IP Information & News

How to protect your brand on social media — seven top tips

Alison Cole

By Alison Cole

Senior Trade Mark Attorney

Social media has a vital role to play in establishing and maintaining brands, but there are always risks. While it can be hard to go viral for the right reasons, it’s easy to go viral for the wrong ones. However, you’ll be pleased to know that there are certain steps you can take to protect your brand and reputation online by using IP rights. Here are seven steps to consider and get you started.

1. Protect your brand assets with trade marks

Protecting your brand assets like your name, logo and strapline as trade marks should enable you to maintain and, if necessary, regain control over elements like domain names, handles, images and hashtags on social networking sites. Such rights can be used to prevent people from hijacking or ‘piggy-backing’ on your social media campaigns by using your brand assets without permission. They’re also what marketplaces such as Amazon require as proof of your ownership to enrol on its Brand Registry and what domain name dispute proceedings rely on to help you to challenge names that should belong to you.

2. Protect your innovation with patents

Any brands which invest in R&D to leverage ever-decreasing advantages over competitors should make use of patent protection. For example, Amazon has filed for a patent in respect of an app that enables you to try on outfits with a ‘virtual mannequin’ created from your social media photos and can link with your calendar and weather apps to ensure that you’ll be dressed appropriately for any occasion. By securing a patent, Amazon can prevent any competitors from protecting or using the same idea. As a result, it can buy time and space to potentially establish itself as a market leader.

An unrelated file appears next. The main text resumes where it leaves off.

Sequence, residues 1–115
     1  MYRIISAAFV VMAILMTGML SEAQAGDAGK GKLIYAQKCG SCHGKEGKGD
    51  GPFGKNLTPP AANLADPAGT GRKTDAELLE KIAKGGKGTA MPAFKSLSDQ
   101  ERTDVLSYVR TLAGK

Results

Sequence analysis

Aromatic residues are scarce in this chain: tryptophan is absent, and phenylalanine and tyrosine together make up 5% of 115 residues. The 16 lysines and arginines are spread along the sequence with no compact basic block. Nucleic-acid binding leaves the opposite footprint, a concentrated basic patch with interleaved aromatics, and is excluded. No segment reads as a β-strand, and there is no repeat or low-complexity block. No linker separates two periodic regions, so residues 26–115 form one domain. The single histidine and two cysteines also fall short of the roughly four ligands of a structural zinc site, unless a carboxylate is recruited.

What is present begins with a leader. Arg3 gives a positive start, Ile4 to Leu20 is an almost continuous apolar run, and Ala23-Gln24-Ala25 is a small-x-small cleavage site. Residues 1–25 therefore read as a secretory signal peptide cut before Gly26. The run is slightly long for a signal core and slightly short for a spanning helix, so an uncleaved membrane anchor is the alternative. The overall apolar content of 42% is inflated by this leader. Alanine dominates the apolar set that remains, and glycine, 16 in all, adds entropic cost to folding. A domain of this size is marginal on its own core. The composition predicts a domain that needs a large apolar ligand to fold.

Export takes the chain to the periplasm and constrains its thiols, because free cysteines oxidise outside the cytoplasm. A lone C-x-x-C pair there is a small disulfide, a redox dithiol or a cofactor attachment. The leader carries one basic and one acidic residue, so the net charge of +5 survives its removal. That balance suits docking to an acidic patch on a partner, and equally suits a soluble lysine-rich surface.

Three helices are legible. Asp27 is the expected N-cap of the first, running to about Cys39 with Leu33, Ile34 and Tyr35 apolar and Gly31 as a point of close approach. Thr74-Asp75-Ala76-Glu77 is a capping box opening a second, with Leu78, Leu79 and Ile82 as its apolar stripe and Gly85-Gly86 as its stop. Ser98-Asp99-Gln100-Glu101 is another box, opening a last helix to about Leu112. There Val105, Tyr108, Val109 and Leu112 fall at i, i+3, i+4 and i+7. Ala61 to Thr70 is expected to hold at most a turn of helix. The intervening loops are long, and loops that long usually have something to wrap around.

3. Recognise and make use of your unregistered rights

Unregistered rights are often highly relevant when dealing with social media issues. Copyright and design laws, which traditionally provide protection for the appearance of functional and ornamental objects including fabrics, shoes, handbags and clothing, are being extended to cover the more abstract elements of brand offerings. The law of passing-off can also prevent anyone from misrepresenting a connection with a brand that doesn’t exist. As these are rights that require proof (as opposed to registration) to enforce, the surrounding law is less prescriptive and can therefore be easier to apply to less traditional disputes, like those on social media.

4. Be careful when sharing, retweeting or re-posting

Copyright infringement actions are increasing in volume as a result of our increased social media use. A US agency recently tried to sue model Gigi Hadid for re-posting a paparazzi photograph of herself. Although the case failed on a technicality (and whether the agency would even have bothered if the subject wasn’t able to stump up millions of pounds worth of damages), this is a risk you take every time you share or re-post someone else’s content — especially as a high-profile brand.

Another key issue arises with virtual/digital influencers, used by most retail brands on social media to provide visual representations of brand values. As realistic as these may appear to their millions of followers, such collaborations are an ‘artistic creation’ and, provided that they’re original, may benefit from copyright protection. But as with the infamous ‘monkey selfie’ dispute, the ownership of the copyright may be up for debate unless it’s clarified from the start.

5. Consider your IP rights before collaborating with other brands